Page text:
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Reel Review


Daiwa’s SV TW Baitcaster – A Winning Combination! (continued)

Drag: Daiwa rates the SV TW’s drag at 13.2lbs. of max pressure and we were able to achieve 13.8lbs. of pressure in the lab. While the reel’s drag isn’t considered all that powerful by modern standards it is among the better drags that we have tested when it comes to performance. The use of a mix of carbon and steel washers is nothing new, but Daiwa seems to have cracked the code when it comes to the right amount of surface area, lubrication, and distributed pressure to create a drag that just feels buttery smooth under pressure. 

Under the sideplate we can see the master gearing and drag system

There is no shudder or vibration when fish run and the SV TW’s drag can be adjusted in very fine increments making it just as easy to protect light line as it is to double down on braided line when pitching and punching. To cap it all off the drag is adjusted with the reel’s attractive zaion star drag that is oversized to make it easier to adjust on the fly and still very rigid and lightweight.

A combination of massive drag washers and various materials make up the Ultimate Tournament Drag

Ergonomics: The Tatula SV TW makes use of the CT tooling and bears the same basic profile as other Daiwa CT reels like the Tatula CT and CT Type R, and yet it looks more compact and higher-end with the pearl coating that not only looks more exclusive but also feels more premium in hand. The coating acts as an armor for the reel and looks equally as good as the finishes found on the higher end Zillion reels.

This reel palms extremely well, better than previous Tatula and Zillion reels

When I compare the Zillion and Tatula reels the Zillions definitely have the upper hand when it comes to feature-set but the Tatula reels are the better value, and when it comes to refinement the Tatula SV TW brings the two lines closer than they have ever been before, blurring the lines between mainstream and high-end positioning.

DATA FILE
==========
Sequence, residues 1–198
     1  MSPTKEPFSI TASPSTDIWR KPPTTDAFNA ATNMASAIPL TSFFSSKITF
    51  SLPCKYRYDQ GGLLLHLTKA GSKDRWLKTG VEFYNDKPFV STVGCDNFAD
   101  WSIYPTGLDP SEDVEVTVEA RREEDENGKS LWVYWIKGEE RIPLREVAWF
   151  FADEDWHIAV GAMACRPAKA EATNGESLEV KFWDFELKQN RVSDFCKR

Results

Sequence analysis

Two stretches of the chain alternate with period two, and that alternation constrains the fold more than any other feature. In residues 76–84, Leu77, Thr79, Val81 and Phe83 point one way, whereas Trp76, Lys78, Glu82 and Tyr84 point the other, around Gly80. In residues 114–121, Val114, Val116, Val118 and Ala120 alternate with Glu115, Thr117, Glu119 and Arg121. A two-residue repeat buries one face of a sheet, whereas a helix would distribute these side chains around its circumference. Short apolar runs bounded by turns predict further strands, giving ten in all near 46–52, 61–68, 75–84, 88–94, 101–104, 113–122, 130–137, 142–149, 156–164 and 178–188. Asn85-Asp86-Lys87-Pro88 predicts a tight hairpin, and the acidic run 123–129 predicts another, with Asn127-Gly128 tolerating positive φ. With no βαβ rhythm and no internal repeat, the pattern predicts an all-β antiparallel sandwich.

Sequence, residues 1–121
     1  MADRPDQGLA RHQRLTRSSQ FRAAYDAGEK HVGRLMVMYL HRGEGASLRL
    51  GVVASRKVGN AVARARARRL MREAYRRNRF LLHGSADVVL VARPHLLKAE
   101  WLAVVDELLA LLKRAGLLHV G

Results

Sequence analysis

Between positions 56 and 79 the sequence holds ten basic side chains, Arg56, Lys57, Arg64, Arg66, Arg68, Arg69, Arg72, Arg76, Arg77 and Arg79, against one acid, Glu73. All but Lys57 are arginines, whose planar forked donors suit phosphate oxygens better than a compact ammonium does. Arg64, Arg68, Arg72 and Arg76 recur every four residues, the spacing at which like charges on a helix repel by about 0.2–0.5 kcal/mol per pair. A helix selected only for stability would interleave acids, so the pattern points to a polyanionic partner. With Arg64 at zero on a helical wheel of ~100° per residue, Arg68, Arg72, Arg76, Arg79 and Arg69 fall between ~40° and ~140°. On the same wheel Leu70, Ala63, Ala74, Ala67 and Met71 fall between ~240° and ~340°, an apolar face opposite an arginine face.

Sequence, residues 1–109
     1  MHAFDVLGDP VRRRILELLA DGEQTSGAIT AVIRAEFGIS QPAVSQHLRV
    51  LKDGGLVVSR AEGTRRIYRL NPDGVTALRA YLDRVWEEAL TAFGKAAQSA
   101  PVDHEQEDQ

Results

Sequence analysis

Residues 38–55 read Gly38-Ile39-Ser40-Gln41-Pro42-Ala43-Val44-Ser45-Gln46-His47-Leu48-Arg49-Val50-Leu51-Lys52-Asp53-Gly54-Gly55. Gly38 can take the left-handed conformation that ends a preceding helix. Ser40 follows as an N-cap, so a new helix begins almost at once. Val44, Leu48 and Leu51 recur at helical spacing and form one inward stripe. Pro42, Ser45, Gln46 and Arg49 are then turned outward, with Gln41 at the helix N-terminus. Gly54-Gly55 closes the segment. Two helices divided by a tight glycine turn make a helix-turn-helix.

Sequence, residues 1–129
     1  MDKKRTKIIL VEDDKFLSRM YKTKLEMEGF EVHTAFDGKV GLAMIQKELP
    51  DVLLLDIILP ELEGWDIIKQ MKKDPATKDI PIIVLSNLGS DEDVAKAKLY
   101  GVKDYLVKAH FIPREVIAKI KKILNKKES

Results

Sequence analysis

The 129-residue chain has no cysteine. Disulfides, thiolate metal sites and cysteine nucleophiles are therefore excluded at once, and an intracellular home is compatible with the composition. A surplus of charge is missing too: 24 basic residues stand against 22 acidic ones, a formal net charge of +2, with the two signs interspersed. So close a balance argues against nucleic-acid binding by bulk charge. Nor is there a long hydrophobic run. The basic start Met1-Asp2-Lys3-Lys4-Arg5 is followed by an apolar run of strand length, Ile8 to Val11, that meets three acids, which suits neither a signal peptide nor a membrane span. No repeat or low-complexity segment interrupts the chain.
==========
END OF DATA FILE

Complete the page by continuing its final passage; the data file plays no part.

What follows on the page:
A swept handle reduces wobble

The Tatula doesn’t quite achieve the level of performance and ergonomics of the Zillion SV TW but boy does it come close. The Tatula SV TW fishes very similarly and only weighs .3oz. less, which will be almost indistinguishable to even discriminating anglers. From the second that I cast the SV TW I felt like Daiwa really delivered something special when it comes to ergonomics. The SV TW reel feels comfortable in hand, much like the other CT reels, but unlike those reels it also feels “premium” with the higher quality finish, Zaion drag star, 90mm handle with oversized soft touch knobs, and those attractive anodized components to help distinguish each retrieve speed.

The reel sits low on most reel seats

When I compare the Tatula SV TW to the similarly priced Tatula 100 Type-R I found that I preferred the sleeker more compact profile of the SV TW, which just feels more natural in hand when palming, and also weighs .4oz. less as well.

One of the recurrent complaints about previous T-Wing reels is that the front of the reels are too square and they can feel unnecessarily bulky when palmed. These statements simply do not come in to play with the SV TW, and Daiwa basically hit a home run with this reel when it comes to ergonomics. Weighing in at 7.2oz. the SV TW weighs the same as the  Tatula CT Type-R Casting Reel and balances out well with most lightweight rods. This reel looks absolutely brilliant on Daiwa’s new silver and grey Tatula Elite rods and are a good match in ergonomics, performance, and price.

The Tatula SV TW looks perfect when paired with the new Tatula Elite rods

Next Section: Is the Tatula SV TW a Winner? 









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